One thing from every Toronto Raptors game last week: Is Marc Gasol done as a scorer?

Toronto Raptors - Rondae Hollis-Jefferson (Photo by Harry How/Getty Images)
Toronto Raptors - Rondae Hollis-Jefferson (Photo by Harry How/Getty Images) /

Each week we bring you the most important play, stat, or moment from every Toronto Raptors game. This week’s highlights include Rondae Hollis-Jefferson’s emergence, Marc Gasol might be finished, and more.

After a tremendous start to the season, the Toronto Raptors cooled off a little in week four. It wasn’t a disastrous week, finishing 1-2 after losing two close games against tough opponents. However, it’s the coldest stretch of the young season so far for a Raptors team that has been spectacular early on.

And in those losses, we learned a lot about this Toronto Raptors team. What did we learn from every game this week?

The Raptors know how to stop the primary option

So far this season, the Raptors have played five players who made an All-NBA team last season. — Kemba Walker, Giannis Antetokounmpo, LeBron James, Damian Lillard, and Kawhi Leonard. As a whole, they’re averaging under 20 points per game and shooting below 40-percent from the field.

Toronto has made it a priority to stop opposing primary scorers, sending occasional double teams and “blitzing” the pick-and-roll with two defenders. The best example of this was Monday against the Clippers when Toronto took Leonard completely out of the game.

Leonard finished with 12 points on 2-11 shooting with NINE turnovers. He’s potentially the best player in the world, and the Raptors forced him into nearly as many turnovers as points.

The Clippers ended up winning the game against a Raptors team which ran out of gas on the second night of a road back-to-back. But Toronto’s strategy of blitzing and doubling the pick-and-roll proved effective nonetheless. Expect them to continue to use this strategy throughout the season.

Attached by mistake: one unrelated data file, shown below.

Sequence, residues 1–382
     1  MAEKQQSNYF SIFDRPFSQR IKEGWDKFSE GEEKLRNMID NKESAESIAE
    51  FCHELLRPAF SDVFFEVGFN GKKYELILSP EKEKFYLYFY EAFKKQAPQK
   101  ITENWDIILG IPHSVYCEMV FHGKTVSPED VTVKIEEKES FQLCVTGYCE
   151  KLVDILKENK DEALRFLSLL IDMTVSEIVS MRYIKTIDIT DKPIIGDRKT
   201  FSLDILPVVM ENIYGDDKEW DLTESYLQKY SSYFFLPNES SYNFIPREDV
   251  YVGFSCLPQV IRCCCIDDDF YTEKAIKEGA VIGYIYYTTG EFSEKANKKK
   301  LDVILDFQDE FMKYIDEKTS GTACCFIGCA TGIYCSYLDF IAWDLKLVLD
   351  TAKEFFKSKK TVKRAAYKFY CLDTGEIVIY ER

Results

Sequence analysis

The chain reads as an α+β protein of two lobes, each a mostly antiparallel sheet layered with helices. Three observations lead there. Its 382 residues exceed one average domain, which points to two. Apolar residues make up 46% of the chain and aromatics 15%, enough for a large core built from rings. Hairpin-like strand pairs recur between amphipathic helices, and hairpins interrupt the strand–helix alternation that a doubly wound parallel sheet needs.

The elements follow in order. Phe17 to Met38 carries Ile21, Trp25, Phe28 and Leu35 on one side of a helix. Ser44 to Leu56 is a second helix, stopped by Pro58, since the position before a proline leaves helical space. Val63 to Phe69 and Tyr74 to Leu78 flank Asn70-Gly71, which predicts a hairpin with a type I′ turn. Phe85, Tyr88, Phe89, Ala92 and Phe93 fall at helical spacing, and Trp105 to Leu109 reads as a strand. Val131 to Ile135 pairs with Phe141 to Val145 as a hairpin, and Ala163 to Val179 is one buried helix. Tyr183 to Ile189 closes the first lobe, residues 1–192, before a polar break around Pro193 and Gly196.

Rondae Hollis-Jefferson belongs in the rotation until further notice

No team wants to deal with injuries. And obviously, the losses of Kyle Lowry and Serge Ibaka have been detrimental to the Raptors’ ability to win games. But if Toronto can survive this next stretch without falling behind in the standings, the injuries might have been a blessing in disguise.

Ibaka’s and Lowry’s absence has helped the Raptors find a surprising amount of depth behind the frontlines. Terence Davis, Chris Boucher, and of course, Rondae Hollis-Jefferson have all taken advantage of excess playing time.

The most important performance was against the Portland Trail Blazers. With OG Anunoby out,  Hollis-Jefferson stepped up. The combo forward scored 16 points on 6-8 shooting, with 11 rebounds EIGHT of which were offensive.

One way to think of it is that he generated eight shots off offensive rebounds. With those eight shots, he scored 16 points. Hollis-Jefferson added 16 points without taking anything off the table (Yes, it’s slightly more complicated than that, but still).

Hollis-Jefferson has been fantastic as of late. And he appears to have carved out a niche in the rotation not only during Ibaka’s absence but when he returns as well.

Marc Gasol might be done as a scorer

Compared to his skill level, Marc Gasol has never been a dominant scorer. Even when he was All-NBA, the skilled seven-footer never averaged 20 points per game. Instead, he’s impacted the game on defense, with spectacular passing, and by stretching the floor. He could score, but he didn’t need to score.

Well, what happens when he can’t score at all? Gasol’s scoring volume has taken a precipitous drop since coming to the Raptors. So far this season, he’s averaging just 8.4 points per 36 minutes.

Against the Dallas Mavericks, we saw his warts on full display. He finished 1-7 from the field, including 0-5 from 2-point range. His poor percentage within the arc was largely due to him throwing up looks like this:

At the moment, Gasol is shooting 27-percent within the 3-point arc, and he’s just 8-22 within five feet. Sadly, we might have seen the last of Marc Gasol as a scorer.

Gasol can still impact the games in other ways, but if he’s not able to be at least a nominal threat around the basket it will be tough to play him major minutes. It’s too early to say for sure, but what we’ve seen so far is not ideal.

Next. Three questions the Toronto Raptors have already answered this season. dark

Make sure to check-in to Raptors Rapture next week to see what we’ve learned from every game.